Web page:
Grand Central Winter Stories from the Street

ISBN-10: 1583229183

ISBN-13: 9781583229187

Edition: 2010

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Book details

List price: $14.95
Copyright year: 2010
Publisher: Seven Stories Press
Publication date: 7/6/2010
Binding: Paperback
Pages: 249
Size: 5.50" wide x 8.25" long x 0.75" tall
Weight: 0.484
Language: English

Lee Stringer lived on the streets in the '80s and '90s. His first book, Grand Central Winter, was an international bestseller in 1998. He serves on the board of Mamaronek Libraries and Project Renewal. In addition to other memoirs, Stringer's writing has appeared in The Nation, New York Times, and Newsday.

The appeal of Kurt Vonnegut, especially to bright younger readers of the past few decades, may be attributed partly to the fact that he is one of the few writers who have successfully straddled the imaginary line between science-fiction/fantasy and "real literature." He was born in Indianapolis and attended Cornell University, but his college education was interrupted by World War II. Captured during the Battle of the Bulge and imprisoned in Dresden, he received a Purple Heart for what he calls a "ludicrously negligible wound." After the war he returned to Cornell and then earned his M.A. at the University of Chicago.He worked as a police reporter and in public relations before placing several short stories in the popular magazines and beginning his career as a novelist. His first novel, Player Piano (1952), is a highly credible account of a future mechanistic society in which people count for little and machines for much. The Sirens of Titan (1959), is the story of a playboy whisked off to Mars and outer space in order to learn some humbling lessons about Earth's modest function in the total scheme of things. Mother Night (1962) satirizes the Nazi mentality in its narrative about an American writer who broadcasts propaganda in Germany during the war as an Allied agent. Cat's Cradle (1963) makes use of some of Vonnegut's experiences in General Electric laboratories in its story about the discovery of a special kind of ice that destroys the world. God Bless You, Mr. Rosewater (1965) satirizes a benevolent foundation set up to foster the salvation of the world through love, an endeavor with, of course, disastrous results. Slaughterhouse-Five; or The Children's Crusade (1969) is the book that marked a turning point in Vonnegut's career. Based on his experiences in Dresden, it is the story of another Vonnegut surrogate named Billy Pilgrim who travels back and forth in time and becomes a kind of modern-day Everyman. The novel was something of a cult book during the Vietnam era for its antiwar sentiments. Breakfast of Champions (1973), the story of a Pontiac dealer who goes crazy after reading a science fiction novel by "Kilgore Trout," received generally unfavorable reviews but was a commercial success. Slapstick (1976), dedicated to the memory of Laurel and Hardy, is the somewhat wacky memoir of a 100-year-old ex-president who thinks he can solve society's problems by giving everyone a new middle name. In addition to his fiction, Vonnegut has published nonfiction on social problems and other topics, some of which is collected in Wampeters, Foma and Granfalloons (1974). He died from head injuries sustained in a fall on April 11, 2007.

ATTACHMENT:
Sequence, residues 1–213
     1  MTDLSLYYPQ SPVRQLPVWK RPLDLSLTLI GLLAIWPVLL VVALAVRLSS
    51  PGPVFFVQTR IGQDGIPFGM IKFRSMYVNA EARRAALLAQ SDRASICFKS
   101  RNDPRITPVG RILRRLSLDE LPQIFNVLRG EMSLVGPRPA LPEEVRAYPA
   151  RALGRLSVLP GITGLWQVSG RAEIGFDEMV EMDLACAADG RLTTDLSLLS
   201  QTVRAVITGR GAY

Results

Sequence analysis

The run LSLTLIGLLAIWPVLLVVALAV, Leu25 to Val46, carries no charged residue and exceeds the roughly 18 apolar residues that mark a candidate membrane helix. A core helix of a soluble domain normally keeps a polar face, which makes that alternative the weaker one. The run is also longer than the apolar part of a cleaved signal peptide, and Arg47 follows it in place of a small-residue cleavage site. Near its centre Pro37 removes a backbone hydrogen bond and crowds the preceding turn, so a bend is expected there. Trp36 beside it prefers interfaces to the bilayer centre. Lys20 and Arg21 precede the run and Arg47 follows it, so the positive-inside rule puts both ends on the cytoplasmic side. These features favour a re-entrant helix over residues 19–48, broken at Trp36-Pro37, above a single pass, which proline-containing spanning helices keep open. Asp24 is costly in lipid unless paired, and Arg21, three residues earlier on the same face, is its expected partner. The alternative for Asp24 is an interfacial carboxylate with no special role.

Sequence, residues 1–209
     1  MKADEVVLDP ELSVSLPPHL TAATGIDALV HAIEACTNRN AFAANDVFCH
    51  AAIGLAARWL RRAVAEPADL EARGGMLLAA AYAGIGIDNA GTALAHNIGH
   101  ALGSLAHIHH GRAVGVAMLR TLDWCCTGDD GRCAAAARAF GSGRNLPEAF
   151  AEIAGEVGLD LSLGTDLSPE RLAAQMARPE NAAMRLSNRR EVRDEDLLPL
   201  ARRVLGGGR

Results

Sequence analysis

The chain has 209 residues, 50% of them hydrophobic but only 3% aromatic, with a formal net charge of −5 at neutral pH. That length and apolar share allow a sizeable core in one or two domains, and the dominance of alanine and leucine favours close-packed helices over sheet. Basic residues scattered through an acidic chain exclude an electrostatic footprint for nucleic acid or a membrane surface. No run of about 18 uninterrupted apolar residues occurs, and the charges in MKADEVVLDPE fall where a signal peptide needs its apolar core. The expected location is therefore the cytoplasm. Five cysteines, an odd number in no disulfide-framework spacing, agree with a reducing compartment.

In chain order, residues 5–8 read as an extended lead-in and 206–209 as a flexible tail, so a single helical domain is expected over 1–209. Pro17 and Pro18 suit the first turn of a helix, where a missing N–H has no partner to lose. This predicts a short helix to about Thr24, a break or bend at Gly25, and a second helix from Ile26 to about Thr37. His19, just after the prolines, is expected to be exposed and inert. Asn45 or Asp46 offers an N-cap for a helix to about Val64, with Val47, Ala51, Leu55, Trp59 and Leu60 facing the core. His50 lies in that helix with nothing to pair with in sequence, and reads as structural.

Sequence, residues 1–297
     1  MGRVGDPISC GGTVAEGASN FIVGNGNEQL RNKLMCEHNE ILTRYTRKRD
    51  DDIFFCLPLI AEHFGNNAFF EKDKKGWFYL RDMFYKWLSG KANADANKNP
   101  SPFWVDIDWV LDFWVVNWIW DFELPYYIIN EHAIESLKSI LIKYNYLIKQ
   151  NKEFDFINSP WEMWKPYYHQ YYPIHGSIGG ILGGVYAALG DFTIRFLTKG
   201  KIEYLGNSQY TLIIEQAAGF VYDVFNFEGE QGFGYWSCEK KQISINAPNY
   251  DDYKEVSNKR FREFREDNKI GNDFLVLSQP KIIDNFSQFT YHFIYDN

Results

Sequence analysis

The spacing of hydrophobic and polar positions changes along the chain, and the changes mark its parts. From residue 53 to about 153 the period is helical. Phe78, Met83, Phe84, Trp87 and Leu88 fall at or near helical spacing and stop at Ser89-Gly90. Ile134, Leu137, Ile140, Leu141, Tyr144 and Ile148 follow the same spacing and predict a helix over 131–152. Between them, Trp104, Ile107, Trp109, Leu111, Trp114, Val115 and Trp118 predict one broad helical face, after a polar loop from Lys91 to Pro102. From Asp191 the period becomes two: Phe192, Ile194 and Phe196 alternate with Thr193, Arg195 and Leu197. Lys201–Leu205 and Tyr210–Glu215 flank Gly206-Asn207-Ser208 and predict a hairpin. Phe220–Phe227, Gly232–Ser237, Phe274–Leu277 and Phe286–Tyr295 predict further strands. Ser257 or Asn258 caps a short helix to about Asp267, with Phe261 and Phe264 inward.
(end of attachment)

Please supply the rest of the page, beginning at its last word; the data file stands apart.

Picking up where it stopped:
Foreword
Preface
Acknowledgments
What happened was I was
When I was out there
The Streets of New York City, 1985
Grand Central Terminal, Winter 1985, 12:30 a.m
Grand Central Terminal, Winter 1989
West Forty-sixth Street, Winter 1989
In New York City there are three
Hell's Kitchen, Fall 1994
Valentine's adoptive father
On every smut film crew
I was having a real bad Tuesday
I was smoked out, tapped out
It's time for my nightly crawl
Sure, life on the street
In 1993 I created a
Manhattan has only two seasons
After twelve years of sucking
They say relapse is part
It starts with me missing
If, at the time of this
Project Renewal, Lower East Side, May 1996
About the Author
About Seven Stories Press
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